Team up, pitch in and litter pick in your street after bin day, says Northampton father

A father is calling on Northampton's neighbourhoods to come together and litter pick on their streets once-a-week after bin day.

Tuesday, 10th July 2018, 11:49 am
Updated Tuesday, 17th July 2018, 6:45 pm
Over a dozen litter pickers in Abington from turn out each week to help clean up their streets following bin day.

Over a dozen residents from Abington pitched in to clean up their area yesterday evening (July 9) to combat stray rubbish and littering left over from that morning's bin collection.

It was the eighth week in a row organiser Richard Moore has been out with friends to tidy up their streets. But after posting notes asking for help through neighbours' doors, more people have got involved to tidy up Abington.

Richard said: "I'm astounded at the number of people that get involved. It's nice to see that people do actually care.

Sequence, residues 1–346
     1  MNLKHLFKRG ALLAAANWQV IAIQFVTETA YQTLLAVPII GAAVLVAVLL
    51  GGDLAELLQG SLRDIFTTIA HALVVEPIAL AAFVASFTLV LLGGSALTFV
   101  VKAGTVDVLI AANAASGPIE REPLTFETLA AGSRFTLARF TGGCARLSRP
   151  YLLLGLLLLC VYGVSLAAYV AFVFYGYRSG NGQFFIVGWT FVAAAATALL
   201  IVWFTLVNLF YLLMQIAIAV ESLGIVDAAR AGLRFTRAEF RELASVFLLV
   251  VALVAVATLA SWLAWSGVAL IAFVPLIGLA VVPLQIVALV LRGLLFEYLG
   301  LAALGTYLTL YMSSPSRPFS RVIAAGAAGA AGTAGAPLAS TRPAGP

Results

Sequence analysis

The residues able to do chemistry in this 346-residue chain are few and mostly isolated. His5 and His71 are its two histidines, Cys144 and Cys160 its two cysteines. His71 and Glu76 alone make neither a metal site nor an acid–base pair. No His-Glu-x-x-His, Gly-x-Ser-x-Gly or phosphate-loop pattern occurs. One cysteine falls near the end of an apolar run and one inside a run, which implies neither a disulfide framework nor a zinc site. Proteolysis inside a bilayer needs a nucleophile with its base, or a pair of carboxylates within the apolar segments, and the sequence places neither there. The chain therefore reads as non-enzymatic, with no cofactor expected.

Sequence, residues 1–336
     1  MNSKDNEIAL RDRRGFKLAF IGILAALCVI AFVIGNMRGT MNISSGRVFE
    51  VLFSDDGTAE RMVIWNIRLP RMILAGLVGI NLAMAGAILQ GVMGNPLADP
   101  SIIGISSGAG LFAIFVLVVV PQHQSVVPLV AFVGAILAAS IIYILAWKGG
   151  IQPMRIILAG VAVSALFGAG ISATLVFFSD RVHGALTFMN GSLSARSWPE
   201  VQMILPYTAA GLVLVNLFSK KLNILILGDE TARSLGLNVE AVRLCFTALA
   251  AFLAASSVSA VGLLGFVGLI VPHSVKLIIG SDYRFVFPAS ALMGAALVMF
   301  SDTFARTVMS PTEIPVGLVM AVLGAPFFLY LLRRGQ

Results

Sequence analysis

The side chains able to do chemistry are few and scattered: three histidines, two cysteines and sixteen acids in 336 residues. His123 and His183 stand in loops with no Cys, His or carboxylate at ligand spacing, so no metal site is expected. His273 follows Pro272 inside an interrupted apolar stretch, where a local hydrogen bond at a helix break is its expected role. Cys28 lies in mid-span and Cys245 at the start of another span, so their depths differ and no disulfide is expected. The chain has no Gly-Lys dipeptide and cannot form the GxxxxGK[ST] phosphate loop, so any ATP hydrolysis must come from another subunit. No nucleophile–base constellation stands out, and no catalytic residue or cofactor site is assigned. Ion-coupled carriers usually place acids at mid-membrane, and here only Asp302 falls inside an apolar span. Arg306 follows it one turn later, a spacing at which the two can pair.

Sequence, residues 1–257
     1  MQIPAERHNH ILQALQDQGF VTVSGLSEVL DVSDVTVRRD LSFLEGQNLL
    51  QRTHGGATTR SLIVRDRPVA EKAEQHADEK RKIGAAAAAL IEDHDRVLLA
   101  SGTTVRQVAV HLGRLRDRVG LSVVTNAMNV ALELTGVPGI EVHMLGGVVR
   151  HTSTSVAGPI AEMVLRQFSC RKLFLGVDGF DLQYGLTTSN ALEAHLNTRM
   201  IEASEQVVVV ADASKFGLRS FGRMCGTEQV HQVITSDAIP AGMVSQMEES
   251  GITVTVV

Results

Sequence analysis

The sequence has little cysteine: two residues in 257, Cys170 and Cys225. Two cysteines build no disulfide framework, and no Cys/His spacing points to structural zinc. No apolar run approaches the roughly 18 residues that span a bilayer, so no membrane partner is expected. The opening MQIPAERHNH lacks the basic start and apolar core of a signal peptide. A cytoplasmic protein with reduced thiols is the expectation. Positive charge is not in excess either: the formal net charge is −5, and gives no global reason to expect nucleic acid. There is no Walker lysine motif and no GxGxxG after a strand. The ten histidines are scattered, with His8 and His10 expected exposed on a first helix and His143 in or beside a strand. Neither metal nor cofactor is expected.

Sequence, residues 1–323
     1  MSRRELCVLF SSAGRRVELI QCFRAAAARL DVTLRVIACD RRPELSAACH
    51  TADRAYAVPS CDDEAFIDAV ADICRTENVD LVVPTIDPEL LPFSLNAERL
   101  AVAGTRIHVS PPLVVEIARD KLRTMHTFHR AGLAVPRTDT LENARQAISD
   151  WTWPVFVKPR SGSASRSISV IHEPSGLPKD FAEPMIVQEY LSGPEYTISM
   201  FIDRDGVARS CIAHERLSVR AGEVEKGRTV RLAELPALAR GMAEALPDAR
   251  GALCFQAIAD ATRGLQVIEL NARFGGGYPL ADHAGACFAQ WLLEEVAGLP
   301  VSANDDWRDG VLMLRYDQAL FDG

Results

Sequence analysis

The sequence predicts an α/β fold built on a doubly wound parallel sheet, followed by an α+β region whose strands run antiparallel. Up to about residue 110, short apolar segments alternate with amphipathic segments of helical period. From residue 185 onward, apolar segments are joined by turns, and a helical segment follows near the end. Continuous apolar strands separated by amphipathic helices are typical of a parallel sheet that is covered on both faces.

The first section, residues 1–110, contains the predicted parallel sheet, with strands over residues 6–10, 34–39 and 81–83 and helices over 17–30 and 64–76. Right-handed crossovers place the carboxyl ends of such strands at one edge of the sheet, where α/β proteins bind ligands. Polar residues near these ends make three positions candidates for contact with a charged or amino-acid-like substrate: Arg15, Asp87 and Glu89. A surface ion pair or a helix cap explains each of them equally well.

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"If everyone does their bit we could see some real improvement."

"It feels sometimes like people talk but don't do anything. You could moan about the litter and wait for the council to do something. I just decided it would be a bit quicker to come out and do it ourselves."

The team of neighbours swept up East Park Parade, Holly Road, Ivy Road, Abington Avenue and Abington Grove over the course of an hour and filled 12 bin bags with rubbish, glass and cigarette butts.

Richard said: "The day after bin day the streets are just littered.

"It reminds me of 'broken window syndrome'. If there is litter people just drop more litter. As soon as it's a bit cleaner, people take a bit more care with it."

The team of neighbours filled 12 bin bags with rubbish in a litter sweep in their area.

It comes after the town's new environmental contractors, Veolia, took over maintenance of the town in June, including bin collection.

One of Veolia's flagship promises when they won the contract was a "three-month deep clean".

Richard is now hoping more people will join him litter picking on Mondays or take it up in their own neighbourhoods.

He said: "If people do their bit we could see a real improvement."